A little over a week ago I finished reading the book Good to Great, by Jim Collins. A companion monograph, Good to Great and the Social Sectors, arrived not long ago and I’ll probably read it (all 35 pages) sometime this week. Collins wrote this piece due to the positive response by non-profits organizations and institutions to Good to Great. The subtitle to the Social Sectors work is notable: Why Business Thinking Is Not the Answer.
Indeed, a brief scan of the text brings Collins’ perspective, informed by his inductive research, to light. The opening paragraph reads: “We must reject the idea–well-intentioned, but dead wrong–that the primary path to greatness in the social sectors is to become ‘more like a business.’ Most businesses–like most of anything else in life–fall somewhere between mediocre and good. Few are great. When you compare great companies with good ones, many widely practiced business norms turn out to correlate with mediocrity, not greatness. So, then, why would we want to import the practices of mediocrity into the social sectors?”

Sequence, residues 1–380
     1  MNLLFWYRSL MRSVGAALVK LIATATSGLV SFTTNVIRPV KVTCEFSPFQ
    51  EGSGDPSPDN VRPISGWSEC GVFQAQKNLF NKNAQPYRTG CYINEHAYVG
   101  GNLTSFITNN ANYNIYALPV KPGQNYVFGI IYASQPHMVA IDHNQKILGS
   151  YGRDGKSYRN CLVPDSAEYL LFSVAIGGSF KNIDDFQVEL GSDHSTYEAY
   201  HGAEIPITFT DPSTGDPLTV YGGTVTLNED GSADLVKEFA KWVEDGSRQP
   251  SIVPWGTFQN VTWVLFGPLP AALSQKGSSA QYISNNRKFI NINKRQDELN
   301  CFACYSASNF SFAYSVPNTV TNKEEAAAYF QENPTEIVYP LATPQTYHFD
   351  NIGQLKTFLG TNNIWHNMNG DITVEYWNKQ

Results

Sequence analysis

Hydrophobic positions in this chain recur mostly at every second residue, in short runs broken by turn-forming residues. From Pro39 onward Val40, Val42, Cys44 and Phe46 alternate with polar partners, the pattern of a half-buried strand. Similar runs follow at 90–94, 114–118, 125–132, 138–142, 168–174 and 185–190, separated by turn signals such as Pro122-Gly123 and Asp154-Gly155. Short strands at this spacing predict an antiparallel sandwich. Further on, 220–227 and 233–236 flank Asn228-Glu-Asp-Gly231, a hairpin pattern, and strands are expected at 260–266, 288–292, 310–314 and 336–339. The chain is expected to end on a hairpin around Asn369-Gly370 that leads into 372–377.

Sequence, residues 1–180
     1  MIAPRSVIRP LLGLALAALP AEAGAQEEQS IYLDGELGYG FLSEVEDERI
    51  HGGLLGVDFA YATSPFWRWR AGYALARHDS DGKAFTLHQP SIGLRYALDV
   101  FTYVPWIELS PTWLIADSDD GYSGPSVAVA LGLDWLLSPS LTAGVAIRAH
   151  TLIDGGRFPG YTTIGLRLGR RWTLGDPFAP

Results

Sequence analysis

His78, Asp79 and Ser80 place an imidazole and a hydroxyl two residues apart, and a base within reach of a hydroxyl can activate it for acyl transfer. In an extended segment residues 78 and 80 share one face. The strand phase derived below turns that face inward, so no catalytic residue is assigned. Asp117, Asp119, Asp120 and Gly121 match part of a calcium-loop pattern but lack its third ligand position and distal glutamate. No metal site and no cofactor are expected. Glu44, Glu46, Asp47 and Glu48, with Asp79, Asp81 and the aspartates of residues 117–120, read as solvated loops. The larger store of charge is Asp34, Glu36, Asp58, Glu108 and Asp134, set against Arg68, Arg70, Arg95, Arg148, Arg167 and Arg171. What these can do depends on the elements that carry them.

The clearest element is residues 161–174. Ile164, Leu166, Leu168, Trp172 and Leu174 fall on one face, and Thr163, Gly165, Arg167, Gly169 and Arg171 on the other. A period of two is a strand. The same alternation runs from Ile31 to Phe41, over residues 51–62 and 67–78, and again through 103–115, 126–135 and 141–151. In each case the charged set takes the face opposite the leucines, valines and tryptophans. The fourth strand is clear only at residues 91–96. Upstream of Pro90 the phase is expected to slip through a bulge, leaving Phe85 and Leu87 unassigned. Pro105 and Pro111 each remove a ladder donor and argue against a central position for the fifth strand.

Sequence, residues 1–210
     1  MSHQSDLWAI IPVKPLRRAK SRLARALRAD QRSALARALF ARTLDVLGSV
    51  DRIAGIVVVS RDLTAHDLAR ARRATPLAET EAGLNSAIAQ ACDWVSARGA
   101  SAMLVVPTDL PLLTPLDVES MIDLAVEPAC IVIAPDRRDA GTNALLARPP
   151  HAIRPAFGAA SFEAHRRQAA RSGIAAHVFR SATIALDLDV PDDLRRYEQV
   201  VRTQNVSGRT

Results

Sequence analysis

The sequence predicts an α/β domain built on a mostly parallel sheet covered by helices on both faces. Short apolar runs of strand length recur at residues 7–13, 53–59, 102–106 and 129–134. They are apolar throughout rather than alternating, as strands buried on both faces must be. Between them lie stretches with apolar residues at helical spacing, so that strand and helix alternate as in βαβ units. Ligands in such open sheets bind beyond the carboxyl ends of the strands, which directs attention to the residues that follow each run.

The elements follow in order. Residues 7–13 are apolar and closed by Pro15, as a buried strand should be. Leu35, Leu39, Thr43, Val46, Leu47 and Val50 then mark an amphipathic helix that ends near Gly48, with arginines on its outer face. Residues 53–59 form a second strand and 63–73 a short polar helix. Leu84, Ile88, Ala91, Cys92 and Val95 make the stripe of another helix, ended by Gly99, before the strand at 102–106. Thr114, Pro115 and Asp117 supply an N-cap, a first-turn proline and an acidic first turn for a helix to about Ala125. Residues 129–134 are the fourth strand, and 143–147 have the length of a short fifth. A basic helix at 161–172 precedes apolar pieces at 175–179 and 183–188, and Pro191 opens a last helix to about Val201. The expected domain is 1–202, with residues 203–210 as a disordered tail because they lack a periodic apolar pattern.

Surprised? Wouldn’t we expect a guy applying principles and research on great companies to the social sectors to push them into a business mold. That is, after all, his bias, right? The world he knows and the underlying assumptions? Don’t get me wrong. This is not a blind attempt to suggest that we can conduct purely unbiased inquiries into the workings of our worlds. This is an attempt to suggest that we may wrongly assume people’s assumptions and biases based on our own.
So, I’m kindly pressing back a little on the earlier conversation here surrounding the Leadership Journal interview with Collins about Good to Great and churches/pastors, many of whom have shown great interest in Collins’ work there.
Could it be that in an effort to be appropriately critical of business models of leadership and understanding organizations, that we fail to hear what is being presented by someone like Collins solely on the basis of his association with the business world?
My invitation for discussion is this:
Who’s read Good to Great? What’s your take? Is there usefulness for Collins’ work in the church? What might that be? Who hasn’t read it and is suspicious of its usefulness for the church? What is the basis for that suspicion?